Embracing a Called Identity

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Jerrolynn Johnson, PhD, DMin

By Dr. Jerrolynn Johnson

I HAVE ONE OF the best jobs in the world. As Assistant Director of Center Education of the Detroit Center, I have the privilege of walk with others on a daily basis, as they work to fulfill part of their calling from God while they are trained At Ashland Theological Seminary-Detroit. I’ve learned that recognizing and embracing our called full-faced, without flinching denying it or minimizing it- are some of the bravest and scariest things we can do. In 1995, when I entered the ATS-Detroit Counseling Program as student, I defined calling as the thing I would do for God. Many of our students also defined calling similarly. Over time, I have discovered that walking in our call  has far more to do with embracing our called identity in God, rather than doing a specific thing for God.

I count it a true blessing and privilege to help others discover and embrace their called identity– yet this is more difficult that it sounds. Some students arrive at Ashland certain of what God has called them to do. Others are not as sure. During interviews and advising sessions, their called identity becomes evident as we pray together, and pay attention to the flow of their passion, specific life experiences and to interactions with different populations of people of which they are exposed. Because some students are more concerned with what they considered the call than in pursuing their called identity, they struggle (as I did) with the ability to see self, others, situations, possibilities, and outcomes with God’s eyes, while not putting too much stock in the appearance of things. Visible evidence can be so appealing so convincing—it just seems so real and true. My constant prayer to God is to help those of us on the called journey to see what He desires we see, in ourselves, family, others, situations, systems, etc., and to grow us to care more about what God reveals than what either the world, our biases and/or our own eyes see. Only God knows true reality, and we all need His help to discern our calls, called identities and pathways accurately.

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Some students come with what many would term deficits, making them appear unqualified to move forward in their call and in their called identity. Many of these students have far more faith in their deficits than in their belief in God’s power to sanctify and redeem them. My job is to help them see their giftedness and then believe in that giftedness and the outpouring of God’s grace into their lives before they leave us, to help them understand that their deficits, not their expertise, are what qualify them to be His followers. Believe it or not, most of the struggle that I’ve encountered concerning call has to do with students’ resistance to embracing and believing their wonderfulness. And it is against the tidal wave of this disbelief, doubt, shame, fear and pride that our Center staff continues to struggle, and against which we will always struggle.

One of the biggest costs that I’ve personally experienced throughout this journey is losing the right to define myself—embracing a called identity often flies in the face of defining oneself. In order to answer our call, we have to lay down our need or right to define ourselves. When answering a call from God, what we are ultimately saying is, “God, I give You the authority, the right, the trust and the permission to tell me not only who You say I am but also what I am supposed to do in order to become this person. God, I give You the right to tell me what I am supposed to do with my time, my talents, my treasures, my trust.” This involves the throttling of our pride and subjugating it to God’s will for our lives. I say the throttling of pride, as in the choking to death of, because pride and obedience to a call cannot coexist easily or well within the same being—let’s not delude ourselves.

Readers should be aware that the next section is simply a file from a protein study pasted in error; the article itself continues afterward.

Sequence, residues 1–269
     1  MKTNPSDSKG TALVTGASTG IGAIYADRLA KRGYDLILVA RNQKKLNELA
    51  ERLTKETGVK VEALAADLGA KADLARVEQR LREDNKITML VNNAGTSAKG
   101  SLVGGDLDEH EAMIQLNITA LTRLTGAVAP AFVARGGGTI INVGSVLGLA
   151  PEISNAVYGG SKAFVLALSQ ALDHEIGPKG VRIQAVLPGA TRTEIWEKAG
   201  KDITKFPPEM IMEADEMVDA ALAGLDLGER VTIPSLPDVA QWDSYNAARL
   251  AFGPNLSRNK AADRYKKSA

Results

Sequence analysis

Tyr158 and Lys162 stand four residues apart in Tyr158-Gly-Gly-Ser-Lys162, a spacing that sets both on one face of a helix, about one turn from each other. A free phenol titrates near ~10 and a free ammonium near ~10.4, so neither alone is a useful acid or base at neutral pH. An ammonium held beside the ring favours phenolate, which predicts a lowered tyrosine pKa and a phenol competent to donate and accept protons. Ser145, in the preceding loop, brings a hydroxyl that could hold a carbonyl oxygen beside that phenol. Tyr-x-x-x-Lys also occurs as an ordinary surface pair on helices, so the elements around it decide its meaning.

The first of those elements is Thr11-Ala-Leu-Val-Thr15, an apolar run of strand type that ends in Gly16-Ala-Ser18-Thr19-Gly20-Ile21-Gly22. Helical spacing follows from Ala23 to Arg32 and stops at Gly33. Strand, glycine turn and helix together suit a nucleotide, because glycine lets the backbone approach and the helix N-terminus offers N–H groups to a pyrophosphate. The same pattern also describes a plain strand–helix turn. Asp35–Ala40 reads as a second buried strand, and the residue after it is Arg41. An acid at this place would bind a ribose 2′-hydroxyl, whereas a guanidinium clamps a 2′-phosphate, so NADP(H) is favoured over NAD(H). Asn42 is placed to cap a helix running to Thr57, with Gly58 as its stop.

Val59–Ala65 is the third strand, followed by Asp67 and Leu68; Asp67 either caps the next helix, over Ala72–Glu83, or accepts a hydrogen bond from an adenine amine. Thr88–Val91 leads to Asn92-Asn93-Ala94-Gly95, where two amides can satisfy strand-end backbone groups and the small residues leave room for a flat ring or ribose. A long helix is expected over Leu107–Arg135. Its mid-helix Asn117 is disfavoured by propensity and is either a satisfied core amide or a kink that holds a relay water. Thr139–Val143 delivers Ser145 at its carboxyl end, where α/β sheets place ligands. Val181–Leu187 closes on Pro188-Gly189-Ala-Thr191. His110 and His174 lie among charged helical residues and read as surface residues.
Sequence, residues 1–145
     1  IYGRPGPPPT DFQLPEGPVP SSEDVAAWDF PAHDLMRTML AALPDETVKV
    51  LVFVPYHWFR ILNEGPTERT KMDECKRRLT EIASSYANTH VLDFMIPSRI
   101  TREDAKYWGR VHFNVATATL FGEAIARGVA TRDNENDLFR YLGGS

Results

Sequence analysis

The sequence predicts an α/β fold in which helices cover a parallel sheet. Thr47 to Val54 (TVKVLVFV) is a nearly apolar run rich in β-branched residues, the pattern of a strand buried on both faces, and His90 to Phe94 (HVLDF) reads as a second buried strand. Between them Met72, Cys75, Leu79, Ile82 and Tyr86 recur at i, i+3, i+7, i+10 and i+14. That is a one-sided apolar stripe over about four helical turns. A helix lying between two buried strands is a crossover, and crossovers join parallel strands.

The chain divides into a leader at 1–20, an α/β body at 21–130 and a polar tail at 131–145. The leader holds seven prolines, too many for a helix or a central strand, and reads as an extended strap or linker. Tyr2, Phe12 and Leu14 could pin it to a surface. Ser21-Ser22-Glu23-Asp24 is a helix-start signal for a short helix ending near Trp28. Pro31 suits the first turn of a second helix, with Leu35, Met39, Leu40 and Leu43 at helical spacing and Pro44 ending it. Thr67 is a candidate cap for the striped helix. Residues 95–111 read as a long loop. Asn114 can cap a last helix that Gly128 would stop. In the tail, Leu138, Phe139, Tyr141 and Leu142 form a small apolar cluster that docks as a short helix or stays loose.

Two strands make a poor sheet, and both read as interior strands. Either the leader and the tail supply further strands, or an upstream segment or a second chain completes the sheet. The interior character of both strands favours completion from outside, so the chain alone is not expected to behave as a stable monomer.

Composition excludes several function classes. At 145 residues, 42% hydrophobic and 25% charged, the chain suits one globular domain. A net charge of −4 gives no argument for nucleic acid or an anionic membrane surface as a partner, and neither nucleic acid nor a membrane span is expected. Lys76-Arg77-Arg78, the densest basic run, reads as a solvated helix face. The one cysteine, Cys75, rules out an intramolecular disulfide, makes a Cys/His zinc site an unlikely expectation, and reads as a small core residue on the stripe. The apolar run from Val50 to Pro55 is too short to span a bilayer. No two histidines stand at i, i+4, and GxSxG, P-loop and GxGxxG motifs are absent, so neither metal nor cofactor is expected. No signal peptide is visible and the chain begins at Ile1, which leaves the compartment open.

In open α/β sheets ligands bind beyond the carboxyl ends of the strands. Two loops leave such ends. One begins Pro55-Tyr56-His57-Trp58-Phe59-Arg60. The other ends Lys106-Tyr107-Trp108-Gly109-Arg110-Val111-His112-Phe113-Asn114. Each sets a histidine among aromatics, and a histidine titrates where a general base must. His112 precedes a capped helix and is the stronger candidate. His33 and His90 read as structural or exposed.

131004-Issue19-Table-F1_Page_10_Image_0002Another reason students fight this is because others in their lives are very invested in keeping them right where they need them. Others’ expectations or assumptions about them can be some of the hugest stumbling blocks to acceptance of a call, more than. we may care to admit. We have had female students who attended churches that did not affirm women in ministry, yet these students clearly heard God calling them to minister for Him. The cost to fulfilling their call can look like heresy to some (if they somehow fall outside of the prescribed norms for ministry) and freedom to others. If these students continue to move forward, they are going to have to make some very tough decisions because we cannot believe God and deny God at the same time. This could include changes in relationship, in ways of relating, in boundaries and accessibility, as well as in intimacy and trust.

We have to decide—who am I living to please, God, myself or people I’ve given authority over my life? If we intend to fulfill our call from God, we have to position ourselves to live our lives to please God—more than anything else in the world. And this is a very costly way to live indeed.

Dr. Jerrolynn Johnson was initially led to Ashland Theological Seminary by her hunger to know God and how to better minister to His people. She now inspires and serves students as Assistant Director of Detroit Center Education and Director of Detroit Counseling. Dr. Johnson and her husband, Roger, havethree beautiful daughters, Jessica, Jillian and Joy.

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